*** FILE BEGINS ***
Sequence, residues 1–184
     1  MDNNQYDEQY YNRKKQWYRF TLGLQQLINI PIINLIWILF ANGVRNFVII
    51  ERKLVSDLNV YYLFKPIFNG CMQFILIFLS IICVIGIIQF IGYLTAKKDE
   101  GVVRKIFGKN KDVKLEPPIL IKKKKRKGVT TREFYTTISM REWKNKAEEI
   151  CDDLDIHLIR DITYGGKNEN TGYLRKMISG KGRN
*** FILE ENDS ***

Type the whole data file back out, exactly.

Sequence, residues 1–184
     1  MDNNQYDEQY YNRKKQWYRF TLGLQQLINI PIINLIWILF ANGVRNFVII
    51  ERKLVSDLNV YYLFKPIFNG CMQFILIFLS IICVIGIIQF IGYLTAKKDE
   101  GVVRKIFGKN KDVKLEPPIL IKKKKRKGVT TREFYTTISM REWKNKAEEI
   151  CDDLDIHLIR DITYGGKNEN TGYLRKMISG KGRN